"As for Israel," he began. "They have no intention of stopping their assault on the Palestinians. They want to dominate the Middle East with the United States. It's all part of a big plan to…" At this point, two unidentified security contractors dressed entirely in black jumpsuits similar to those worn by SWAT teams in the US grabbed Senor. He was led away at gunpoint. Chaos ensued among the press corps as they raced to file the story. While attempting to send their reports via the internet, all connections were mysteriously shut down. This reporter was able to relay his report via a separate wireless connection maintained by independent supporters.
Senor's current whereabouts are unknown, although unnamed sources at Abu Gharaib prison in Baghdad have told this reporter and other media that he is being held there and will be shipped to Camp X-Ray at Gauntanamo Bay soon.
The White House and Pentagon have denied Senor's statements in separate press releases. The White House went further, suggesting that Senor had either lost his mind or forgotten who was signing his paychecks.
– Ron Jacobs is author of The Way the Wind Blew: a history of the Weather Underground, which is being republished by Verso.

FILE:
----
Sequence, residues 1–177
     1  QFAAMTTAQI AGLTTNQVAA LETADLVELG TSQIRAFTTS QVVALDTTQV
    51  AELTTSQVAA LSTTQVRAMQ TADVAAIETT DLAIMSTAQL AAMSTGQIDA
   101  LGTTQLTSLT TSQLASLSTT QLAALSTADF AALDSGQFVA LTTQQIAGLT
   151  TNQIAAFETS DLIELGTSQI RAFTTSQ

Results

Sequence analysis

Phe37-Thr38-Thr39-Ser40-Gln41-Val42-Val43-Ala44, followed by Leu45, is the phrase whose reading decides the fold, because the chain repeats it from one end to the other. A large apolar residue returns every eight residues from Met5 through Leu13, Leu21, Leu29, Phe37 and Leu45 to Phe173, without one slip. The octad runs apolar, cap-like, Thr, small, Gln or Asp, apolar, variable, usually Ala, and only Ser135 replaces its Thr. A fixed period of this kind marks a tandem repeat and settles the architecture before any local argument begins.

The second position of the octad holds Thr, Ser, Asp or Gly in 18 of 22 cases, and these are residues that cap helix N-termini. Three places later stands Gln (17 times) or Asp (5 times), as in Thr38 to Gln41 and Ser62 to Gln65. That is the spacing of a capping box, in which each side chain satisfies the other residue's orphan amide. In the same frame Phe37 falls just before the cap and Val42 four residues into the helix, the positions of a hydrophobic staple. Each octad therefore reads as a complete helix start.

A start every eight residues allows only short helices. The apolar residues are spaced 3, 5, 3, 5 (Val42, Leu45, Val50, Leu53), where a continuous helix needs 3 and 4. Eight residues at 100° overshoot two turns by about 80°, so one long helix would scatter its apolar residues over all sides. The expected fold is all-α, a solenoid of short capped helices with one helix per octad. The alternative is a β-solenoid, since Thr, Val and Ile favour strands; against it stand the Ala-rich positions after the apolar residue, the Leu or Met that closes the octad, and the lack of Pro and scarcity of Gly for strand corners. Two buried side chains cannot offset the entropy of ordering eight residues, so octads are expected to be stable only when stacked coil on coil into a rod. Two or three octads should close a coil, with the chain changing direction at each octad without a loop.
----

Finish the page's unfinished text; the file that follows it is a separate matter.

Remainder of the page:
He can be reached at: firstname.lastname@example.org
For those of you have already found the follow-up article, don’t worry. I am now aware of the parody that was intended, although I will admit that I believed the story when I first read it. Apparently, Dan Senor is still his old parroting self. I am sorry if the above sucked you in as it did me. I found myself confronted with what seemed to be the truth, and I was sickened. I wasn’t sickened because the information was anything new to me; I was sickened because what I believe to be true was there before me in print. It was as though, when all I was reading was misinformation, I could rail against that, use the media to focus my sense of moral outrage on. I used to think that the media spin on this war was to convince us, or at least to convince us of the possibility, of the correctness of the occupation in Iraq, but now I see another side. Even though I buy almost none of what the media is shilling these days, it has hooked me nonetheless.
I spend my anger ranting about the lies we are told and the people who believe them. I focus on media corruption and political inhumanity born of what appears to be a moral bankruptcy. I worry over the socio-politico-psycho-economic issues that drive the information we are fed, forgetting that this, at the base, is not about those issues. I do not mean to toss aside the importance of information manipulation, but it should not be confused with having much at all to do with what is physically going on every day in the air and on the ground in Iraq.